- Maintain a safe environment. Wash your hands and the bottle you used to feed your kitten before and after each meal. It’s also a good idea to invest in a “kitten gown.” This may be a shirt or robe that you only wear while feeding or caring for your kitten. The use of a kitten gown helps to reduce the spread of germs.
- Gently feed them. Handle your kitten with caution when it’s time to feed it. The kitten should be lying next to you on its back, nursing from you as it would from its mother. When your kitten sits on your lap, wrap it in a soft towel. Finding a role that is comfortable for both of you is the key.
- Allow them to take the initiative. Hold the formula bottle to your kitten’s mouth and allow the kitten to suckle at its pace. Stroke the kitten’s forehead softly if it doesn’t feed right away. The stroking stimulates the kitten mother’s cleaning routines. It makes the kitten want to feed.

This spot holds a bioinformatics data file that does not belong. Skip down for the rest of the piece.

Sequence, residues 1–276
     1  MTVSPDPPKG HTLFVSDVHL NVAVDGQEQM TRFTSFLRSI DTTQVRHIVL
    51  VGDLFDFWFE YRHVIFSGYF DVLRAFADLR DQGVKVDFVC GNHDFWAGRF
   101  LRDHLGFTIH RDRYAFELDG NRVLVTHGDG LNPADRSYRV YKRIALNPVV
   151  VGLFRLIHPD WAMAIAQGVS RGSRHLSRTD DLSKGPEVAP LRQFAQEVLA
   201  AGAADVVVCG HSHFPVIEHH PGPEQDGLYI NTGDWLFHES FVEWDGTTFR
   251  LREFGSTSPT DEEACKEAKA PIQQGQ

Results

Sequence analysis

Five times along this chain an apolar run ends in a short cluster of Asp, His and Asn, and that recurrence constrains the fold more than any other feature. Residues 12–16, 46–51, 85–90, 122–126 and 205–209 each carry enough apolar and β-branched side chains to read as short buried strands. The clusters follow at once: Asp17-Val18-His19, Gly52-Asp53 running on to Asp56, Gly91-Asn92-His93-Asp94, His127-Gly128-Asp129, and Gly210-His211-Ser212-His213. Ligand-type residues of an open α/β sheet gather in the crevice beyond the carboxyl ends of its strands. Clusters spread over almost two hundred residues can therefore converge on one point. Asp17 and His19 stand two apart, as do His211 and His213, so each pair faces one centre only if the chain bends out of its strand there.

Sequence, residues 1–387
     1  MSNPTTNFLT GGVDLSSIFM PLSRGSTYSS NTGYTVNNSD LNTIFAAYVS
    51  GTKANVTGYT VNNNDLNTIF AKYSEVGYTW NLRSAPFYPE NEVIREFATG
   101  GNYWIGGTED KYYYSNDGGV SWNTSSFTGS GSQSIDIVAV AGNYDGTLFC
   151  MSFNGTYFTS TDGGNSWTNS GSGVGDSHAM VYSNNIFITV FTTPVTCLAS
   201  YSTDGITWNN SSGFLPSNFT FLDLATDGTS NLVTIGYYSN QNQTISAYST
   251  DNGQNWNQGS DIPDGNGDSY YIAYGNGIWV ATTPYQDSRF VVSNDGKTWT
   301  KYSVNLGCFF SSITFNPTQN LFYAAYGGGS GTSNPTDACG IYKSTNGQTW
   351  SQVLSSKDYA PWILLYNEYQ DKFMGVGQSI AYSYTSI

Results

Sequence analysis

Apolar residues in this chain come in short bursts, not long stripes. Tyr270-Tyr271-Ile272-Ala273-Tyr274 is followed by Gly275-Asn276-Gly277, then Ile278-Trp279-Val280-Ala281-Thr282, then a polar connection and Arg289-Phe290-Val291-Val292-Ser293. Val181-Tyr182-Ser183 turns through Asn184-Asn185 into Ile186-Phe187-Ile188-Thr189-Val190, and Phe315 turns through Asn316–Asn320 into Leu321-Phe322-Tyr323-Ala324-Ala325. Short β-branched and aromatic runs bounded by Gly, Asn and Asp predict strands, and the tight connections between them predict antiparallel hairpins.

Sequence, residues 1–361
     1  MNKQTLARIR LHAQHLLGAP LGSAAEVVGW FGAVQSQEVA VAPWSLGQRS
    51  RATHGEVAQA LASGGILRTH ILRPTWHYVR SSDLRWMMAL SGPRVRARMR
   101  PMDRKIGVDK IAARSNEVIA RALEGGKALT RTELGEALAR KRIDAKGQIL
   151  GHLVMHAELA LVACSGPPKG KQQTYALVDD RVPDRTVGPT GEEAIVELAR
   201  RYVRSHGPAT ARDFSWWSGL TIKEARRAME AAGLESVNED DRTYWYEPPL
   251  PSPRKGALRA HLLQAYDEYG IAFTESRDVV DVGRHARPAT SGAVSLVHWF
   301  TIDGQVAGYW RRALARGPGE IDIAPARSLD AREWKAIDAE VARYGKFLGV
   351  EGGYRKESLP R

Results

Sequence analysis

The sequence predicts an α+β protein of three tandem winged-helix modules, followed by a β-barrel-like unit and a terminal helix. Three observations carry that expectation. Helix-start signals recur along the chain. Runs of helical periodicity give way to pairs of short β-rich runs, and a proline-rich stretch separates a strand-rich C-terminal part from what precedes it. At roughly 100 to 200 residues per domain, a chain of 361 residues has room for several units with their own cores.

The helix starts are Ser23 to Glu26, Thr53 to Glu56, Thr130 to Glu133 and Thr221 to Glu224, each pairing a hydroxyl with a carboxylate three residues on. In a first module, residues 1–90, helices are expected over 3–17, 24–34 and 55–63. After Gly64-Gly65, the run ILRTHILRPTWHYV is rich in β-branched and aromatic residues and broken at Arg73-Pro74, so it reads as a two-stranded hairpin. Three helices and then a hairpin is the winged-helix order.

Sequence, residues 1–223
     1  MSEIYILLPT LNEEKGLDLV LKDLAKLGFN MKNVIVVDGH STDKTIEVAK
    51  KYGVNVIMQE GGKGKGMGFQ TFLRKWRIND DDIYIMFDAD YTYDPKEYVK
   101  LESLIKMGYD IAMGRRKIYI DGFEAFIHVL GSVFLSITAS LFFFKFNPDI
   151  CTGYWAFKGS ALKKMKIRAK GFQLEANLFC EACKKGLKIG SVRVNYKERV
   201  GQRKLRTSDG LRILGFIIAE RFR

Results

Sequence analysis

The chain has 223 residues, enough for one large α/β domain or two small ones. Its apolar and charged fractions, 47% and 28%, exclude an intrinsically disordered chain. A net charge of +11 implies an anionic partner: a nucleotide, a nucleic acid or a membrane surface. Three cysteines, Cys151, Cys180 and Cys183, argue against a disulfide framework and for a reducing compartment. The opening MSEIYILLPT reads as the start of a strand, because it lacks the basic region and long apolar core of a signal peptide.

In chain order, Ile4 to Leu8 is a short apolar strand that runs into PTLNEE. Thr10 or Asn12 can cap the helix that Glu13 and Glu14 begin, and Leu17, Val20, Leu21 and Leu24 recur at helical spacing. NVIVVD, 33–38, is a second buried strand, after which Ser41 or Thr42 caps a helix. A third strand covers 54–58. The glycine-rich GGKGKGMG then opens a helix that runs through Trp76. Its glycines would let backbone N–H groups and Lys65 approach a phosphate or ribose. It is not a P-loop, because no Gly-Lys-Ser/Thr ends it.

- Feed them at regular intervals. Kittens must feed every three hours, regardless of the time. People set the alarm most of the time to ensure the baby cats don’t miss a meal. This is particularly useful during the night. It would help if you fed your kitten regularly. Diarrhea and extreme dehydration will result from skipping or over-feeding your kitten.
- They should be burped. Kittens, like infants, need to be burped after each meal. Lay your kitten on their stomach and softly stroke their back until you hear a small burp. You will need to repeat this process many times during each feeding.
- Stimulate the kitten after feeding. After every feeding, stimulate the kitten to pee and poop. Steadily hold the kitten using one hand, and gently rub the genital region in a circular motion with a soft tissue. The kitten should begin to pee. Continue to stimulate the kitten until she is no longer peeing. The kitten might also poop as you stimulate the area. Your kitten should pee every after feeding, but pooping once a day also indicates a healthy sign.
If you can’t get your kitten to eat for some reason, call your veterinarian right away.
What Do Neonatal Kittens Feed On, Besides Milk?